There are those who ask for wisdom and discernment, the ability to be decisive, reasonable, and perceptive. These gifts come directly from the Father.
What many fail to understand is that these very words go hand in hand with the concept of judgment.
One of the most misquoted lines in scripture is “judge not.” Not only is this taken out of context, but used today as a method to avoid open discernment. In effect, it has led to hypocritical behavior; the ability to avoid personal criticism, while, in the same breath, flaunting critical views based on personal preference.
Because of this act, the very scripture highlighted is broken.
The scriptures make it plain that we should not be judging that which we are not being judged for. Why? Because it is our very judgments in which we will be judged. In other words, there is a standard involved.
Yet once we remove the standard, attempting to hide ourselves in indecisiveness and ignorance, we fail in being observant and intuitive towards the issues most important. We open the flood gates to avoid discovery of our own misdeeds.
For many years, this person has been involved in a plethora of discussions. Yet with discussion, there must be reasoning and sincere growth. What must be seen is a defense and revealing of truth, not the catering to personal prejudices.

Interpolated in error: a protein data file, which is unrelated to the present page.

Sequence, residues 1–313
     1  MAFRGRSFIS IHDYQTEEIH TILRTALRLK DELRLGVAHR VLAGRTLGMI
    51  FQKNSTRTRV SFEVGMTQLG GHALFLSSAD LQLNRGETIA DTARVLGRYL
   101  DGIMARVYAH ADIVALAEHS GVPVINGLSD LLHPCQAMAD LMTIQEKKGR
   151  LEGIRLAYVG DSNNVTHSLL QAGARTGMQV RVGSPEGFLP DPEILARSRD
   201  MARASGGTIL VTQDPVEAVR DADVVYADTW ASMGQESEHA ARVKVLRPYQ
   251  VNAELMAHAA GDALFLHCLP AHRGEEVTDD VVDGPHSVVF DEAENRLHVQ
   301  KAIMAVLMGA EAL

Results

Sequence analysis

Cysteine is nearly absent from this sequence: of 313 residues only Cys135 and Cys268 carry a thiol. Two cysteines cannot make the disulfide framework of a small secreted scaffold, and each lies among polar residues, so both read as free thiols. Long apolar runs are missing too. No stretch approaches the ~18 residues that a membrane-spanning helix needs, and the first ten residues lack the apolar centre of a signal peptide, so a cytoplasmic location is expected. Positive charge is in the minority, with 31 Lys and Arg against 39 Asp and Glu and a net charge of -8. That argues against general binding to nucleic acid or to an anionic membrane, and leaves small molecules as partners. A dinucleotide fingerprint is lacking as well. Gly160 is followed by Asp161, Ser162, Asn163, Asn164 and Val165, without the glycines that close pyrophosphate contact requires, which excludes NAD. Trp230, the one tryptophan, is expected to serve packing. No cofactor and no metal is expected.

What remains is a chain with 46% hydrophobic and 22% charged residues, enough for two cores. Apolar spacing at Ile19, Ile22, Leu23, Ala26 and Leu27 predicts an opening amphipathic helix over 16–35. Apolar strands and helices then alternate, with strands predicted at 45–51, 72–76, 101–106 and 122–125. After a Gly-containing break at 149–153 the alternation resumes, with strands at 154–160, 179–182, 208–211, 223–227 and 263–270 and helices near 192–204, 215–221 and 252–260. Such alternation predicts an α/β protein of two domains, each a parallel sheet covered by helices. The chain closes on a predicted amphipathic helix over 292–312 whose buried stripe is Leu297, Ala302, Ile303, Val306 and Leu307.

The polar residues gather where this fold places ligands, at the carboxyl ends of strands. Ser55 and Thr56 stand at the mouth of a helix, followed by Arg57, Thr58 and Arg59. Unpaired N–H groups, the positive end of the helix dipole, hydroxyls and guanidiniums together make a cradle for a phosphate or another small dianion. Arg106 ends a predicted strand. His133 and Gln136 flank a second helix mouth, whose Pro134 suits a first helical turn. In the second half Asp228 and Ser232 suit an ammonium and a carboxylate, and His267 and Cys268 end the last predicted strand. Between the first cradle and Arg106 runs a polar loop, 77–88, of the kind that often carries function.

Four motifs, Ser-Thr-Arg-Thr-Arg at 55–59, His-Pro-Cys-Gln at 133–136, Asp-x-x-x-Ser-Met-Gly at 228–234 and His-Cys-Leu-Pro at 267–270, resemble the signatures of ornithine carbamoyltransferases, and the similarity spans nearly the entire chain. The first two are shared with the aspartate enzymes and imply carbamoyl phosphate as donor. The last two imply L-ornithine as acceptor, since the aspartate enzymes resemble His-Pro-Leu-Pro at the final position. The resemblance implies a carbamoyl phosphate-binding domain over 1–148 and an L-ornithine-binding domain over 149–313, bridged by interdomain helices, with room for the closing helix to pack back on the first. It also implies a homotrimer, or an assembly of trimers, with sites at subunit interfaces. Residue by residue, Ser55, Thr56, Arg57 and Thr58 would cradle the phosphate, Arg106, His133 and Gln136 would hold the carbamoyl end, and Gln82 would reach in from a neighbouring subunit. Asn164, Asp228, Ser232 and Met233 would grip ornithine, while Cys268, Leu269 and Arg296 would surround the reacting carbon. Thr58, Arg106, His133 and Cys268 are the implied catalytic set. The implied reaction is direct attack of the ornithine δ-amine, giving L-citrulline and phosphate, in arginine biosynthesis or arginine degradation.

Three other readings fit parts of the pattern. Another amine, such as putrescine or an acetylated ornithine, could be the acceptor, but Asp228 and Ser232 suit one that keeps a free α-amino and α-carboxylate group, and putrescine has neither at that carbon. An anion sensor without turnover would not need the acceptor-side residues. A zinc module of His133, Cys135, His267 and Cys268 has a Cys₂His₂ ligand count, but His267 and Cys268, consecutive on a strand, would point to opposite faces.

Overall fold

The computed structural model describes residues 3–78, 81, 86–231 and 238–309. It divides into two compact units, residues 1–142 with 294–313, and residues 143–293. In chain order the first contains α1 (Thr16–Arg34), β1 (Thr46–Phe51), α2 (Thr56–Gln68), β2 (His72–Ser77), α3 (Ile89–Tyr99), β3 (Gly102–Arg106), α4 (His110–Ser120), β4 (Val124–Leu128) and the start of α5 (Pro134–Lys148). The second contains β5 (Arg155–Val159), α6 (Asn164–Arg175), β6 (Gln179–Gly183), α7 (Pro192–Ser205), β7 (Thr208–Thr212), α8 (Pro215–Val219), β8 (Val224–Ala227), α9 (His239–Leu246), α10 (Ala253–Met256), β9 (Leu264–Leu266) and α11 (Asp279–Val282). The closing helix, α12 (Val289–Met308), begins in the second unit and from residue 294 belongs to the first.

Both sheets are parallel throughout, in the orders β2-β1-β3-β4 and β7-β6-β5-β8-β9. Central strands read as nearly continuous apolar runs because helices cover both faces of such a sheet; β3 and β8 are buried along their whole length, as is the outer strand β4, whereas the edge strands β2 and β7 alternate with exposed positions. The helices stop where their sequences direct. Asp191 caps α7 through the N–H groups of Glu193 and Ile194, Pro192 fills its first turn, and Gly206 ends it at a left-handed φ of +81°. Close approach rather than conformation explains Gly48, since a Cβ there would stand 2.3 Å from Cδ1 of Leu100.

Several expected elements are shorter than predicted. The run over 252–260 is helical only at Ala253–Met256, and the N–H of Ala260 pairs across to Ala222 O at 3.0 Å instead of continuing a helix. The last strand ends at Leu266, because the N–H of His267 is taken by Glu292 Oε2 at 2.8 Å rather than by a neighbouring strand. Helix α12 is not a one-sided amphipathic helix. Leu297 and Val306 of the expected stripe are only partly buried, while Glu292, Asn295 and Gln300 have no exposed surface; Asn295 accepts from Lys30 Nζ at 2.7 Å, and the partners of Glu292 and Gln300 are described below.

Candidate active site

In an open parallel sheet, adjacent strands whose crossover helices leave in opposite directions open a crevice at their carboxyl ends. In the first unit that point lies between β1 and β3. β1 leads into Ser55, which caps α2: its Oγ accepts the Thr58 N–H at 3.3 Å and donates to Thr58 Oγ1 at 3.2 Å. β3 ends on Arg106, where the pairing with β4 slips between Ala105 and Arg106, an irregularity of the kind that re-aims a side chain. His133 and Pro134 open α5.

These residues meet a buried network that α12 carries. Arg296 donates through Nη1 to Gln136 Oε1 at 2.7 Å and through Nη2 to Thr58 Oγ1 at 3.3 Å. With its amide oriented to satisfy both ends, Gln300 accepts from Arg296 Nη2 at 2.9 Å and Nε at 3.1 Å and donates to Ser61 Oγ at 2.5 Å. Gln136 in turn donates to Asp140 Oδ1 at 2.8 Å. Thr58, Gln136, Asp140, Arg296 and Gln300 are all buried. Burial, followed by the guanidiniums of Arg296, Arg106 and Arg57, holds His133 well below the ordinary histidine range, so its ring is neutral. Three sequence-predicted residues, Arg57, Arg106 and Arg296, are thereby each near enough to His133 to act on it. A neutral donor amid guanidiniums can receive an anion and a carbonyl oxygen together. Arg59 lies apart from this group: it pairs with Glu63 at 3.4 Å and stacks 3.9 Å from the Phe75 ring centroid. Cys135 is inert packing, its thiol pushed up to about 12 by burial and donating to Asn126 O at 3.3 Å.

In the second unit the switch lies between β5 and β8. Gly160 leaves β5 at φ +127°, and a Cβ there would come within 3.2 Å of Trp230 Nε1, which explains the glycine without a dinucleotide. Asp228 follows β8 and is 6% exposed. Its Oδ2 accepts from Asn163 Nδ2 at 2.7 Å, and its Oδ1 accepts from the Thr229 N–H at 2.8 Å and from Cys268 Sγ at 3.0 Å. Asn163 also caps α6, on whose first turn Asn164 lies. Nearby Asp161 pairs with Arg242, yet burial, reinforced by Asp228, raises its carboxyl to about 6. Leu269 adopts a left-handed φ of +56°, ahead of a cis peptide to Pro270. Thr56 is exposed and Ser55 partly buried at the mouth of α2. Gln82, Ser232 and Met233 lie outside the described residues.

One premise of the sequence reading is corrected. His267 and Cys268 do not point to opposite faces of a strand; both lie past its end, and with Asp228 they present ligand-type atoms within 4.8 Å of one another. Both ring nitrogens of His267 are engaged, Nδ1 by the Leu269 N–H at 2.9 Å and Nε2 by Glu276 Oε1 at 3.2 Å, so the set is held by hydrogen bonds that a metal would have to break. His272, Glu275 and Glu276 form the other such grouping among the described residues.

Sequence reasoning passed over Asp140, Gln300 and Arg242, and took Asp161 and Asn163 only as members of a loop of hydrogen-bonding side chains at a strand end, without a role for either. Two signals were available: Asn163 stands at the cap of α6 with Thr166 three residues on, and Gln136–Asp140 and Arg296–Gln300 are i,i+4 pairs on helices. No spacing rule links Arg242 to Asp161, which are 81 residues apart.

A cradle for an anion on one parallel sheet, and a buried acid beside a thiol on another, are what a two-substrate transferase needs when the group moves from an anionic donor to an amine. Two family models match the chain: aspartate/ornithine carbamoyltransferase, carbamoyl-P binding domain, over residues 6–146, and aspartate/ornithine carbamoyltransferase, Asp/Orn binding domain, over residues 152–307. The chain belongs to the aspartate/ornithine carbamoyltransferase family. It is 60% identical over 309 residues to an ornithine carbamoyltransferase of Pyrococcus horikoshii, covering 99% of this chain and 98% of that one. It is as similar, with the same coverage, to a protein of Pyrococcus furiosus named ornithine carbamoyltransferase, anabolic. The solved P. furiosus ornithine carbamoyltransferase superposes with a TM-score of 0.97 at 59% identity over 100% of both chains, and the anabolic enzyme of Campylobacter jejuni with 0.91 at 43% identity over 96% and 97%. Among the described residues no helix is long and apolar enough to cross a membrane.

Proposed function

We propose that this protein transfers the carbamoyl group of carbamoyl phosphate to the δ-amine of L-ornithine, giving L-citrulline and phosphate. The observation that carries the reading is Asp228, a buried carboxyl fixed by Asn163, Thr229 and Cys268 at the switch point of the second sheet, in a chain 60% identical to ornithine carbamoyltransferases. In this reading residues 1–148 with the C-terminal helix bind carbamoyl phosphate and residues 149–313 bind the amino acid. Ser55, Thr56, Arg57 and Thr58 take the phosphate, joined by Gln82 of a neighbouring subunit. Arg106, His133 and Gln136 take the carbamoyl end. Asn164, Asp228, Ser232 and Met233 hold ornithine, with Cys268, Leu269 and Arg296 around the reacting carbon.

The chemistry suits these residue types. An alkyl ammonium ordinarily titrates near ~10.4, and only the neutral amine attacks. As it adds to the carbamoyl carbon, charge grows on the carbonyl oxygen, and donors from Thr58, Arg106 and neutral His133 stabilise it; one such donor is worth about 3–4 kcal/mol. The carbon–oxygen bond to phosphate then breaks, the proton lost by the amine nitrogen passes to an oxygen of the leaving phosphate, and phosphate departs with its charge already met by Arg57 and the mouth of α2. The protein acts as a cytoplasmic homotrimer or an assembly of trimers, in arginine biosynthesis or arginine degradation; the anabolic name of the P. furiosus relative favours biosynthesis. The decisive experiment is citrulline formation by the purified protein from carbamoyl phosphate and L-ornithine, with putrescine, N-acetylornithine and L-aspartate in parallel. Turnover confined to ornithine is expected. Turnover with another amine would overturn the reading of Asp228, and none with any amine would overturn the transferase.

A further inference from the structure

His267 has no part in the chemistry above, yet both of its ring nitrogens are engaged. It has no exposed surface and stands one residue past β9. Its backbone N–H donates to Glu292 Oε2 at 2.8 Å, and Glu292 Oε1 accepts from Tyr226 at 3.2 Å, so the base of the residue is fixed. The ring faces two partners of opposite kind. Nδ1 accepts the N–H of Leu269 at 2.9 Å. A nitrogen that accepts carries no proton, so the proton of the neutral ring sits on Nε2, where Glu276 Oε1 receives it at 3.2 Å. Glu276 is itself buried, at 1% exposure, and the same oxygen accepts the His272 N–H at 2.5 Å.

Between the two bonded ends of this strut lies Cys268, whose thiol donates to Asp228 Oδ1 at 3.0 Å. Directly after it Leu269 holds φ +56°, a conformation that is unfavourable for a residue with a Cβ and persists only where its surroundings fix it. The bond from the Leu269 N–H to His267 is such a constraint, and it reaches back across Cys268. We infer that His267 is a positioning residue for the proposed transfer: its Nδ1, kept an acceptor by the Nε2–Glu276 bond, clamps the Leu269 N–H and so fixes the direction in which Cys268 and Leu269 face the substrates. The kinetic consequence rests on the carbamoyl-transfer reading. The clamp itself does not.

None of us stood when the foundations of the world were laid. Given this, it is foolish to completely stand on finite views.
We cannot faithfully council others if we are being unfaithful in our own inner council. Let us remove the beams first, the elephants in our own households. Let us hold ourselves accountable to the righteousness we outwardly depict. When doing so, we will find peace within.
Peace (shalom), as spoken in scripture, is about completeness, wholeness. This is not the acceptance of mixed thinking, or the withholding of discernment towards understanding which is which. Such paths only lead to despair.
Being complete requires a clean house. The acceptance of obvious messes does not make it clean. We must not be afraid of the broom to sweep out injustice when it is notably seen. Not just from without, but within.
In short, let us be fair in our own thinking. Wisdom and discernment can be granted to us… yet let us first accept its judgment upon our own hearts.